Apple is now probably better-known for the iPhone than anything, but the origins and a sizeable portion of the contemporary company remain in bespoke personal computing. The launchpad for everything was the Apple II, the first iteration of which was launched in 1977, an all-in-one home computer so successful it would be produced until 1993. Which meant, like many Apple products, it got copied.
In the early 1980s a company called Franklin produced a clone of the Apple II with the frankly unbeatable name of the Ace 100. I’d never heard of this hardware until writer David Friedman’s latest newsletter (opens in new tab) flagged up the most unusual aspect: the wild guidance manual that came with it.
The first 40 pages of the manual (opens in new tab) contain pearls of wisdom such as that personal computers “are just super fast, super expensive calculators” and its role in your life is “more as a flunky” than running it. It also opens with this semi-inspiring straight-talking:
“Since you’re reading this, some fast-talking salesperson has probably already persuaded you that the ACE will make your life complete. […] Dispel those doubts! Put your second thoughts aside and press on regardless! You CAN use your ACE to good purpose!”
Later comes a new chapter: The Ancestral Territorial Imperatives of the Trumpeter Swan. “Unless you were fascinated by birds, you probably wouldn’t turn to this section of the manual first.” Point taken. This is the ‘getting started’ part of the manual but, as the writer explains, if they’d just called it that then you might have skipped the introduction.
The whole manual is worth a skim because every single page seems to have a joke on it, and a lot are aimed at… computer nerds. This is perhaps the funniest thing about the Ace 100 manual: It’s clearly been written by someone with a healthy scepticism of the computer industry and the types who accumulate around it, who are also probably the only people who were ever going to buy this thing. It contains tips for not getting ripped off by your computer dealer, advises you ignore silly jargon like “bits and bytes”, and then best of all goes on to celebrate piracy and its own status as a pirated computer.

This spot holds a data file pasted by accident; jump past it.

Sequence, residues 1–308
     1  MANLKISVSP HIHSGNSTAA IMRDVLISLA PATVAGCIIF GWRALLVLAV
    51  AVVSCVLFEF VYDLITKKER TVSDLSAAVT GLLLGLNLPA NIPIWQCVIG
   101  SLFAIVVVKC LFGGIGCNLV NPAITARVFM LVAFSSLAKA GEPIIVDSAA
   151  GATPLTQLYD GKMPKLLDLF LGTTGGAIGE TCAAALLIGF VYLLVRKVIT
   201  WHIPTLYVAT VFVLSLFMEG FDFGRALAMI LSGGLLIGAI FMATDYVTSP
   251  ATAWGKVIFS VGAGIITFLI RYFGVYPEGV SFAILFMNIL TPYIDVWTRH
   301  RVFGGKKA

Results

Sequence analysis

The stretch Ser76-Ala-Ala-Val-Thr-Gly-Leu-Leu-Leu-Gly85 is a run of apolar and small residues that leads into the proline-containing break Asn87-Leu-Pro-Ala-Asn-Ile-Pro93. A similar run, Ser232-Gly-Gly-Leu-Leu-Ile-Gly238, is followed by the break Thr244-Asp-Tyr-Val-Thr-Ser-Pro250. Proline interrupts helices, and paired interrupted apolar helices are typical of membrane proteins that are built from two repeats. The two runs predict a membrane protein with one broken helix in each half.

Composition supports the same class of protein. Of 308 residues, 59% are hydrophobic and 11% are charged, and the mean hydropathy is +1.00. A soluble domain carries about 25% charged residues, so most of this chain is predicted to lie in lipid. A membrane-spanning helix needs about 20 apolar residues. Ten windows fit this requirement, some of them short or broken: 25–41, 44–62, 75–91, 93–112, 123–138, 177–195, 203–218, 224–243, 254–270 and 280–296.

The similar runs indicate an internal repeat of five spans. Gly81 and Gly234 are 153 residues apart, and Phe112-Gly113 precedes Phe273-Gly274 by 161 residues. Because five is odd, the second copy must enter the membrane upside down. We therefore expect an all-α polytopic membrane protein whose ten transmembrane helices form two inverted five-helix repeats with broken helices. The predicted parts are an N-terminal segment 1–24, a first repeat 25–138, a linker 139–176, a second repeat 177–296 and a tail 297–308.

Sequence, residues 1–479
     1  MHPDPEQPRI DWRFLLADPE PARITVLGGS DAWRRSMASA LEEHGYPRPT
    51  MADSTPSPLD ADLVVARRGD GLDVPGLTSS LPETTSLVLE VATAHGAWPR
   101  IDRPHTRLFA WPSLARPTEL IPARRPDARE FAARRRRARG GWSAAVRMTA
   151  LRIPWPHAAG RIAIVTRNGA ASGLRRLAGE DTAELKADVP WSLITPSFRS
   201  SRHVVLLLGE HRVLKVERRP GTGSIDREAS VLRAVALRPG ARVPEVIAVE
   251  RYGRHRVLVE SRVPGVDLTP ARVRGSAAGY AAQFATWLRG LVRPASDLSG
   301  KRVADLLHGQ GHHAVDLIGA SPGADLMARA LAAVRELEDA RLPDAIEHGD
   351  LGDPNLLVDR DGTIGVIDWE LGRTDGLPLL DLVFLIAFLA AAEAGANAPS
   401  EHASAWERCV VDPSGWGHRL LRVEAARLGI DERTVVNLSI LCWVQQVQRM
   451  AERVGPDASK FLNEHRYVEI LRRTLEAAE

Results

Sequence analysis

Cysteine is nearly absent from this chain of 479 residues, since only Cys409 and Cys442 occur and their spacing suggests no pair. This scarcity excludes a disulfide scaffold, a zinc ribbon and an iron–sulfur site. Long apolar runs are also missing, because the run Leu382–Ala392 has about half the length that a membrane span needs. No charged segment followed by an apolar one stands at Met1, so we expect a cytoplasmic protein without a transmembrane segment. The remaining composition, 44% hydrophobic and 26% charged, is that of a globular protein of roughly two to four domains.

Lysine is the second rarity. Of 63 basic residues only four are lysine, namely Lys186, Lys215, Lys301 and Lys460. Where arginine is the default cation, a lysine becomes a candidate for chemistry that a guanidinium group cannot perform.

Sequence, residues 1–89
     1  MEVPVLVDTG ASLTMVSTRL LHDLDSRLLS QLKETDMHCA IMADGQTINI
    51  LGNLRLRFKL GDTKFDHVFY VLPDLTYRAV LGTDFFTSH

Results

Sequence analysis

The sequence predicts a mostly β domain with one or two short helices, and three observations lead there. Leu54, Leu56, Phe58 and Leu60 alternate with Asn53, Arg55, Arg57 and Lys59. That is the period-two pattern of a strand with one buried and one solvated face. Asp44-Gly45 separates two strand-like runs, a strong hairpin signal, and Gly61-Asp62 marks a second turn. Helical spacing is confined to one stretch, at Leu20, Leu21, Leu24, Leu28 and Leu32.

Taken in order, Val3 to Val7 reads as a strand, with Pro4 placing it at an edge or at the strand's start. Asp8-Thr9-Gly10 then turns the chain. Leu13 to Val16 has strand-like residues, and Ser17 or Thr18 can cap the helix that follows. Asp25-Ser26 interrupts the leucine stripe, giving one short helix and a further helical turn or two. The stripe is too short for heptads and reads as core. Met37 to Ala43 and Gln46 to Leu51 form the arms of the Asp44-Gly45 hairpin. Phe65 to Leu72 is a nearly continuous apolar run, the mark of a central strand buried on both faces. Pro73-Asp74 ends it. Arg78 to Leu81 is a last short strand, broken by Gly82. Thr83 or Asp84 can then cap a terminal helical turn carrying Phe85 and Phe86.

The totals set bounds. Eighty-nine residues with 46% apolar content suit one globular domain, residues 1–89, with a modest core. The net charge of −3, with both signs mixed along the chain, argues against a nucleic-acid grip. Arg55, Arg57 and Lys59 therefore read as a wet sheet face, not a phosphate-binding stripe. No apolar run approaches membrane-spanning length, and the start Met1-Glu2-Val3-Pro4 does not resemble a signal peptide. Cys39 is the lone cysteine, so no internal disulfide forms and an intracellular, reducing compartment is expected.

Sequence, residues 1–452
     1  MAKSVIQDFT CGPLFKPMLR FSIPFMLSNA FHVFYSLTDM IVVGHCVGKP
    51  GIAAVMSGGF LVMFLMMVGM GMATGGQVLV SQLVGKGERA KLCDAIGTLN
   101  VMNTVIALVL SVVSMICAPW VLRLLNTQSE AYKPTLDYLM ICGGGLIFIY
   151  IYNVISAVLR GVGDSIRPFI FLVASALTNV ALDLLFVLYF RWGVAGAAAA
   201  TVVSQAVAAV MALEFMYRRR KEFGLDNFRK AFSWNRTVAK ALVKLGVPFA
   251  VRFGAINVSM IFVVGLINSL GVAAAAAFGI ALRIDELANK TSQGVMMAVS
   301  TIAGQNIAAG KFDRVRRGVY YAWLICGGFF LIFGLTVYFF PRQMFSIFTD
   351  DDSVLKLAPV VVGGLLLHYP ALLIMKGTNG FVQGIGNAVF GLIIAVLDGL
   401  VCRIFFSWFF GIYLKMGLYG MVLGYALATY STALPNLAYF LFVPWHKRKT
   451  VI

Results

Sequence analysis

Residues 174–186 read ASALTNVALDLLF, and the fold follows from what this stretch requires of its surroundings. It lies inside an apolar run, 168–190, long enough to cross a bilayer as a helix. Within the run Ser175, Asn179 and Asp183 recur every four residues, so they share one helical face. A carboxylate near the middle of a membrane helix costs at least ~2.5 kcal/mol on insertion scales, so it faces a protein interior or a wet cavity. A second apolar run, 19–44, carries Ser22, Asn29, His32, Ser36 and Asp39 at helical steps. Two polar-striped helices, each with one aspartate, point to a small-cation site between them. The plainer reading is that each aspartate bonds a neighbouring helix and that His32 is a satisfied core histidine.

“Program manufacturers are natural paranoids” says the manual. Those bastards want you to pay for their work! Not when the ACE 100 is around, my friend. The manual includes an entire section explaining to the user how to circumvent typical 1980s software copy protection in order to make “personal backups”, before going on to explain that there are three types of crook in the computer world.
The first is “Them”, the salespeople that flog these things with over-inflated promises. The second is “You”, because as our manual explains the industry will treat you like a crook with their licensing deals.
“These licensing agreements typically stop just short of requiring you to sign away your life, your house, and your first-born child. Nobody in his right mind would sign one of them. But personal computerists do it. Are they of unsound mind? Possibly, but signing a licensing agreement doesn’t prove it.”
The third category of crooks is “Us”, Franklin themselves, who are selling you an Apple II clone with a copy of the Apple OS. The entry simply reads, and I can’t get an echo of Richard Nixon out of my head here, “we are not crooks”.
I mean, OK.
It may surprise you to know that the US justice system did not agree with Franklin. Apple sued the company for copying its operating system in the ACE 100 and the later ACE 1000 machines, which is now a landmark case in computer history: The first time a court ruled that a computer’s BIOS could be protected by copyright (opens in new tab). Franklin initially won but then lost on appeal, and by 1988 had to withdraw all its copies of Apple machines from the market. Franklin Computers remains a going concern (opens in new tab), though not quite on Apple’s scale.
David Friedman goes into much more detail on the manual in his writeup (opens in new tab), including tracking down the writer, Sal Manetta, former Franklin programmer Bob Applegate, and exploring the differences between versions. Applegate does have some idea why Manetta had the attitude he did: “Engineering was in a long, narrow building with no windows, nicknamed ‘the cave’. Sal was never exposed to engineers before Franklin, and we sometimes overwhelmed him. He often said ‘Abandon hope all ye who enter’ to people on their first visit to our building.”
Credit where credit is due though. Franklin may have started out as copycats, but it really was upfront about how much it hated licensing and copy protection:
“Someday, enough consumers will get fed up with this nonsense to put an end to it. It hasn’t happened yet though.”